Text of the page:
place, Jesus uses language that evokes the kingship of David, where he speaks
of being a shepherd, the kind of leader who will gather the scattered and
protect the vulnerable.
vulnerable is what they are – and it does not matter where they are
massive temple is not safe, and it too will some day in the not too distant
future be destroyed. Even this place of celebration can be in a moment marred
by violence. Even this holy place can be desecrated.
Back Bay turned into a scene of bloodshed
a passenger plane used as a weapon
an elementary school attacked.
most sacred places can be violated. . . and our most revered heroes fall
verse, by the way, is that people took up stones to stone Jesus for what he said
And the next
story is that his dear friend Lazarus is dead.
Death is all
too close, all the time. Illness and violence strike randomly, even to Jesus
What makes a
shepherd a shepherd is not that he leads us away from every danger, but that he
leads us through.
It is not
mere protection Jesus offers, but assurance, the knowledge of being known, of
never being alone. Of being unsnatchable.
We tend to
imagine that the important word is FOR. That what God does FOR me makes me a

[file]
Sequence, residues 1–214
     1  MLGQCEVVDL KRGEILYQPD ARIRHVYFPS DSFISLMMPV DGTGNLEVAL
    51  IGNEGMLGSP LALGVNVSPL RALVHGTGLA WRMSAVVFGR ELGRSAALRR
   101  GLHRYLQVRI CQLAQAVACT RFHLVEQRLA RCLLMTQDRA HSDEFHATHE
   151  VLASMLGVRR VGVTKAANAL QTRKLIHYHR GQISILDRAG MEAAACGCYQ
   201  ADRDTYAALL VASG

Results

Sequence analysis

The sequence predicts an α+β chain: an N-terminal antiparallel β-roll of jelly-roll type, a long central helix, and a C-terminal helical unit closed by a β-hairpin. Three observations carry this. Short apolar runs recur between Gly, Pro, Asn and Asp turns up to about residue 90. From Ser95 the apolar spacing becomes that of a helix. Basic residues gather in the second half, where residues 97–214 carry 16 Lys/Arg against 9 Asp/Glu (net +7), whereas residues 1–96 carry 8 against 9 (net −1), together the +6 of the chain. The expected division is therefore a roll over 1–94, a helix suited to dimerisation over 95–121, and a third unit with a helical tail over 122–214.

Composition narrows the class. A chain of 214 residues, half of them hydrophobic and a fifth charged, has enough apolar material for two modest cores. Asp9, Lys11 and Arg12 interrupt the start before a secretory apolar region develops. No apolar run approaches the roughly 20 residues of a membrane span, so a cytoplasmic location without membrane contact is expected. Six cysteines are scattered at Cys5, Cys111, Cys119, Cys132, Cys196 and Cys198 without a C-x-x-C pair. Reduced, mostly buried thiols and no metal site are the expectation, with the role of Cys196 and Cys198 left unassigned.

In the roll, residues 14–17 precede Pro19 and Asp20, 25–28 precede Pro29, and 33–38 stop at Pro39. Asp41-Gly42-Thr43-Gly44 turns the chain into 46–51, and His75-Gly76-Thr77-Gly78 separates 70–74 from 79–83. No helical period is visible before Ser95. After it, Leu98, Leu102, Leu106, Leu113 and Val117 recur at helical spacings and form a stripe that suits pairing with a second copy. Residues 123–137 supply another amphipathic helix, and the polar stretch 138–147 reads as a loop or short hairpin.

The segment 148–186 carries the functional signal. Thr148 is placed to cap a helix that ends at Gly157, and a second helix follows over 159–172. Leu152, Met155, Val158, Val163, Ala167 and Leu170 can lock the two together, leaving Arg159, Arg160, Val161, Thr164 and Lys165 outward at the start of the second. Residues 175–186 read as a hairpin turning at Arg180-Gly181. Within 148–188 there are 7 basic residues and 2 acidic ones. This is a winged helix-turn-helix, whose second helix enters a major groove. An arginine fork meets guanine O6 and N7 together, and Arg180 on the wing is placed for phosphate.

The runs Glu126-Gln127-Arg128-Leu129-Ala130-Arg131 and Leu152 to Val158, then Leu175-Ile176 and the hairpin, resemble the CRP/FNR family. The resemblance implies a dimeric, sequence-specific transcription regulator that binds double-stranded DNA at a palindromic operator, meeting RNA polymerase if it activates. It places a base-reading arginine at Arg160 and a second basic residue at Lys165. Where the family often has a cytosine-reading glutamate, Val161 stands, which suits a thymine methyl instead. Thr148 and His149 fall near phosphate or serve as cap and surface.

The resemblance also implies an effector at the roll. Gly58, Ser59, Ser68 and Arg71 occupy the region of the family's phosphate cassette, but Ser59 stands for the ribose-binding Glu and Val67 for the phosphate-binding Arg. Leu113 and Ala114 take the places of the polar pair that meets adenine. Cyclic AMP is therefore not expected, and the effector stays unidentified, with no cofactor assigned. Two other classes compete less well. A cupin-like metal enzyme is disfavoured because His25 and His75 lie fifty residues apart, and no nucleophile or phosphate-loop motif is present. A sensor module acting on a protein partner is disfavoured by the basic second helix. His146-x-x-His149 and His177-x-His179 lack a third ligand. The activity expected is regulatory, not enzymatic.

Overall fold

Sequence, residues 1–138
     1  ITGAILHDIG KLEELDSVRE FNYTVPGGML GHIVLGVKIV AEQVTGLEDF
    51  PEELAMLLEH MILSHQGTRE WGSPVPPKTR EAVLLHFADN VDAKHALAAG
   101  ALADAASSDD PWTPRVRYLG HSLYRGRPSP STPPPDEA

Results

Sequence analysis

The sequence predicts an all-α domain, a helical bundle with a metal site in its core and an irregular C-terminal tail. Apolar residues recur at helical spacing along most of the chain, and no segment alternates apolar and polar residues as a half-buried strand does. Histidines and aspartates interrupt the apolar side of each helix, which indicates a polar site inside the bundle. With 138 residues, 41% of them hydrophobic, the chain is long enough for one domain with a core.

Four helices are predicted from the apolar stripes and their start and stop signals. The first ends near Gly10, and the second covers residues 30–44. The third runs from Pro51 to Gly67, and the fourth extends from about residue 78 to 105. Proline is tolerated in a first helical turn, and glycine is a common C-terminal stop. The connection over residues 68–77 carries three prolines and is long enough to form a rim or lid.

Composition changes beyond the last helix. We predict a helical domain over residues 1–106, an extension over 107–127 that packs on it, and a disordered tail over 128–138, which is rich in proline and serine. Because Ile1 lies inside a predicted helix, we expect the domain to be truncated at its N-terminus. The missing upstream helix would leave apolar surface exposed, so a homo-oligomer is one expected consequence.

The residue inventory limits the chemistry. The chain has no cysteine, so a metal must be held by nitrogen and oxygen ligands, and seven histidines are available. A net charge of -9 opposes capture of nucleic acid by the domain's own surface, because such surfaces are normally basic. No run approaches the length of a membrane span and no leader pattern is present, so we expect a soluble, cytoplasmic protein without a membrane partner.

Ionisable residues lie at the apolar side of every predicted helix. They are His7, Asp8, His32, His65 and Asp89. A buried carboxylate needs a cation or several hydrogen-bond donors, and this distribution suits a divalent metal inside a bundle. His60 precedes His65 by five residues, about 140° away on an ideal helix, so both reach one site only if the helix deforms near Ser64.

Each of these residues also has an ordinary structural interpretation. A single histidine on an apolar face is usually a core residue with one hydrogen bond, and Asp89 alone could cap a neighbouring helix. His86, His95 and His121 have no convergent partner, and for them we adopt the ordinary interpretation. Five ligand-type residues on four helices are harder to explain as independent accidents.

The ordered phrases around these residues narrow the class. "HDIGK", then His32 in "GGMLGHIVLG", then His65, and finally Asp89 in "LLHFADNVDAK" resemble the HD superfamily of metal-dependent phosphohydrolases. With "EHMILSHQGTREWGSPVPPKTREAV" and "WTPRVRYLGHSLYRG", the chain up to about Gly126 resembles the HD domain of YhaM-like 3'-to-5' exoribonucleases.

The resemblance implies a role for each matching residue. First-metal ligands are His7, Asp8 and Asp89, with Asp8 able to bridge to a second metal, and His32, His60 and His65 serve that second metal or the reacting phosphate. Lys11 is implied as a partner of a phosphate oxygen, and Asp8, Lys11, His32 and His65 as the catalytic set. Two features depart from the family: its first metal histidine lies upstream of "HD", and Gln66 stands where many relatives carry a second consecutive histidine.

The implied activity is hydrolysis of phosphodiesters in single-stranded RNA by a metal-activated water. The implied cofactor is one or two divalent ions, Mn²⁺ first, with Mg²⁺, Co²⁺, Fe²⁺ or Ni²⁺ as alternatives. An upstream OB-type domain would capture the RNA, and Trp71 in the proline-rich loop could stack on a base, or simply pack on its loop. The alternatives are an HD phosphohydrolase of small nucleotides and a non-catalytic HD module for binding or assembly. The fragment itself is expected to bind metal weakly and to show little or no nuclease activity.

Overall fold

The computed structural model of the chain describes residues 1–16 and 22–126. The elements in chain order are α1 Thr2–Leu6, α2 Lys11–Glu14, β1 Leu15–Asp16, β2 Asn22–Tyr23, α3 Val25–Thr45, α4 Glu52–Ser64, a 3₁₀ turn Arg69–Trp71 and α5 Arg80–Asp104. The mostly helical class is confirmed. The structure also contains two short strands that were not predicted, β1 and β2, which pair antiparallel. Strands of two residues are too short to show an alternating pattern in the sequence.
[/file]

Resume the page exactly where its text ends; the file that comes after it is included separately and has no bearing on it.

Christian and what I do FOR God and neighbor is what it’s all about. So we ask
what our church life does for us; and what our church does for their
neighborhood. We occupy ourselves with doing more and more of the right kind of
service for the world and build communities intent on telling people what the
church can do for them.
argues that the heart of the Gospel is instead the little word WITH, as in when
the angel says to Mary, this child shall be Emmanuel, God WITH us, and when
Jesus says, Lo I am with you always, even unto the end of the earth.
WITH me, thy rod and thy staff they comfort me.
shepherd does for the sheep is first and foremost simply being with them,
through good and bad.
after all, don’t cause the grass to grow or the waters to be still. They do not
make wolves and lions go away; they cannot make sheep more perfectly sensible